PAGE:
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32 Responses to Beyond the PDF … is ePub

  1. Mark says:

    Martin, I too am well versed in wordpress and would love to get involved in setting uo the prototype. Please do not hesitate to get in touch if you’re looking for people to develop the idea.

  2. Martin Fenner says:

    Mark, that would be great, I will be in touch. This idea of an ePub container for data should work well with FigShare.

  3. Peter Sefton says:

    Martin, it’s good that there discussion of the merits of ePub and consideration of the roles it might play in scholarly communications.
    that I put up after Open Repositories 2010:

    There are some challenges to ePub, too, not the least of which is that there is no reader installed by default on the major desktop or mobile platforms, although a variety of reading and packaging apps are available.

  4. Peter Sefton says:

    Oops – jetlag. Last comment was supposed to read:

    Martin, it’s good that there discussion of the merits of ePub and consideration of the roles it might play in scholarly communications.

    Further reading: see the post that I put up after Open Repositories 2010:

    There are some challenges to ePub, too, not the least of which is that there is no reader installed by default on the major desktop or mobile platforms, although a variety of reading and packaging apps are available.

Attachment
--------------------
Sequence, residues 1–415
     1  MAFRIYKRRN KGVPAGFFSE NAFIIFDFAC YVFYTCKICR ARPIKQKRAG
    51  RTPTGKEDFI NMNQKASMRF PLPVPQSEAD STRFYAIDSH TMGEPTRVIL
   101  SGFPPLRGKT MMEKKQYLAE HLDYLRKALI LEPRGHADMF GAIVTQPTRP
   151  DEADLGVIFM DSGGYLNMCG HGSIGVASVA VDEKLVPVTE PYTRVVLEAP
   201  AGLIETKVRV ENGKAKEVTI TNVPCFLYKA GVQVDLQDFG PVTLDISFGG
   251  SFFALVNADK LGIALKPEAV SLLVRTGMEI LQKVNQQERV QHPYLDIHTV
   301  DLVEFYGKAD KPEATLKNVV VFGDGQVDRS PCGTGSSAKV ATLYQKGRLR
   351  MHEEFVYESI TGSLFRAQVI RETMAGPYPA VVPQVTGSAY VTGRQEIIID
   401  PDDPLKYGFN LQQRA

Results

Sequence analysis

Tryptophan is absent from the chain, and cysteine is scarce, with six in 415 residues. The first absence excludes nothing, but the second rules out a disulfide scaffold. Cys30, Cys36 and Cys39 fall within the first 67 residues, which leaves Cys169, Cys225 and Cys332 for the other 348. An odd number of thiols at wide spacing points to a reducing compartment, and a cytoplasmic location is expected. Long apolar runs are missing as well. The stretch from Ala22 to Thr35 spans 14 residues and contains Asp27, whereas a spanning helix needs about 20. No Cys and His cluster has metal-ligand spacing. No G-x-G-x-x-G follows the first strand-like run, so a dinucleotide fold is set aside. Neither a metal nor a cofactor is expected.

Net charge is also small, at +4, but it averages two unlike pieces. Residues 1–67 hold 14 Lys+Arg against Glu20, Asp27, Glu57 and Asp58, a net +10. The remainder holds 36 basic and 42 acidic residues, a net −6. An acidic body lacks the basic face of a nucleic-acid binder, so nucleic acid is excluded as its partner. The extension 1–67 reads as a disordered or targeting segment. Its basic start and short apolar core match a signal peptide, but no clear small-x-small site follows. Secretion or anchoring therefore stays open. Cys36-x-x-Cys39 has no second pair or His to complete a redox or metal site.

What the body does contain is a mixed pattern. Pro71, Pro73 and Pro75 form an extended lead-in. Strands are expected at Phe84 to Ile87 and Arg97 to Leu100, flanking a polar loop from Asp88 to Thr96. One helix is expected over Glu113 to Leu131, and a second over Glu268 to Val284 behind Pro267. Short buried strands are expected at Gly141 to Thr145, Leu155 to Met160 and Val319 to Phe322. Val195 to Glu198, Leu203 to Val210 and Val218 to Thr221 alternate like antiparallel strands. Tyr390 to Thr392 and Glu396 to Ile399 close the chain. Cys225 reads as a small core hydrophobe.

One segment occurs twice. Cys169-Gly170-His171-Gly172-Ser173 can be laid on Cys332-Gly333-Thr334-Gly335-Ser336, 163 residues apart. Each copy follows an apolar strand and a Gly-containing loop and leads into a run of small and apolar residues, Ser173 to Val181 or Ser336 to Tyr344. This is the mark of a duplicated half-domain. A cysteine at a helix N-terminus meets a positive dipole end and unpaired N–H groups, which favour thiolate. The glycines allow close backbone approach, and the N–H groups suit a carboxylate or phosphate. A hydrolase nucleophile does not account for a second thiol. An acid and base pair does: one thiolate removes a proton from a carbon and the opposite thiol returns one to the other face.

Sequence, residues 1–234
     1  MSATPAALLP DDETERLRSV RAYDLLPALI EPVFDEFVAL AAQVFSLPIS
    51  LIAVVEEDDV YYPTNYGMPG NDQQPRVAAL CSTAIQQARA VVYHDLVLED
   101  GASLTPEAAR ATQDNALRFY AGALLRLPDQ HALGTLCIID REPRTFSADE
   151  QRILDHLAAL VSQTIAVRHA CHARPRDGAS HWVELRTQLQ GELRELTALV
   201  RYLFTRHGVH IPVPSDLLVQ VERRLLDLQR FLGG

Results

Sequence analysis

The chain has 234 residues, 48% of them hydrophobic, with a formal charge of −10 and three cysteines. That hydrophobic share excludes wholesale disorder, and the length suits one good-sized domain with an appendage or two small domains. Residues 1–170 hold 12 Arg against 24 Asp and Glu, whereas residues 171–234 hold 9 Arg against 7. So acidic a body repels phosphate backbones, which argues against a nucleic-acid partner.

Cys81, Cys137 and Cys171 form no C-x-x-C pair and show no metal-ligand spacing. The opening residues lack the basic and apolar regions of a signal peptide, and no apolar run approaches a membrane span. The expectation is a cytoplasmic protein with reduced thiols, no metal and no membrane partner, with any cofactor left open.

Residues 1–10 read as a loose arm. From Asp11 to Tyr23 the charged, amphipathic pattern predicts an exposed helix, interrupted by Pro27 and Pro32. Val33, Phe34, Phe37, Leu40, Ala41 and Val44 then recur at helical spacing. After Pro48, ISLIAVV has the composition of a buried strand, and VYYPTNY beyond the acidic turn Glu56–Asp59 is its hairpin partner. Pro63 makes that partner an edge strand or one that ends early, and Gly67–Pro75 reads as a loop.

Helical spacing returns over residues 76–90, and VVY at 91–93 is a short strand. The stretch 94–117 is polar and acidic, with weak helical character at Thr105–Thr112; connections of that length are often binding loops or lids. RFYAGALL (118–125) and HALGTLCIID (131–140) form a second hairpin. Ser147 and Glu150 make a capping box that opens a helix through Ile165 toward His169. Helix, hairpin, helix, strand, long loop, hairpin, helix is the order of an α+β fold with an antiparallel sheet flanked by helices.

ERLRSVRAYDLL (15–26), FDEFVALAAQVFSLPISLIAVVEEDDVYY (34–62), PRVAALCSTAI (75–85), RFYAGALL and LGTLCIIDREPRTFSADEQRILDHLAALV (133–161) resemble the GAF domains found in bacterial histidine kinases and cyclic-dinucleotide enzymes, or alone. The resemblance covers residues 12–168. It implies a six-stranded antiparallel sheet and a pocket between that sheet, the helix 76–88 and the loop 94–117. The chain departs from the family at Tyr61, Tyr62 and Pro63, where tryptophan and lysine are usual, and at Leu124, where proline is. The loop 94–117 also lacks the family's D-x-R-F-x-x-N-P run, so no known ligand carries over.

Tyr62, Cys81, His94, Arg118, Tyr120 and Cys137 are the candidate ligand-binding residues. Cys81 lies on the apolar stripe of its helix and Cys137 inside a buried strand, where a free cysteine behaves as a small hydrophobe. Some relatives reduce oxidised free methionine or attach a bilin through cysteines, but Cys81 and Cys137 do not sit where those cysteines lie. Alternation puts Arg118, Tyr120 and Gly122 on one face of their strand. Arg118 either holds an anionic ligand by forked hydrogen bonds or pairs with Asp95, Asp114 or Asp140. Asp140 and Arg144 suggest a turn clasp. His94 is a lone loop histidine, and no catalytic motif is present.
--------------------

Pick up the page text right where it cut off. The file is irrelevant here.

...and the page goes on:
5. Peter,

    thanks for the link. I wrote the blog post on the plane and didn’t spend much time searching for the literature on using ePub in science. BagIt is an alternative, but I like ePub because it is widely supported.

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  7. Euan Adie says:

    I posted some late night thoughts here:

  8. Much appreciated for the post, have passed the link around to other JISC colelagues. As to, JISC has put in strategic funding to support further work in ePub (#jiscPUB at Edina, being managed by Theo Andrew[1]), as well as Researcher Identifiers (more announcements coming soon from JISC’s Digital Infraructure Team Blog). Both these themes are becoming low hanging fruit and it will be good to see the community come together to work on plausible solutions. Next question is, where can we showcase these protoype solutions to the wider community?


  9. David, the Beyond the PDF workshop created a lot of momentum. I think that there are a number of people willing to work on the concept of ePub (or maybe similar tools such as BagIt) as a container for research datasets. Three principal investigators (all based in the US) have agreed to become “beta testers” with one or more of their graduate students.

    Euan, thanks a lot for your comments. We unfortunately didn’t have a HTML vs. XML discussion at the Beyond the PDF workshop. I see many advantages of using XML in the publishing workflow, but HTML is the much friendlier format from an author perspective.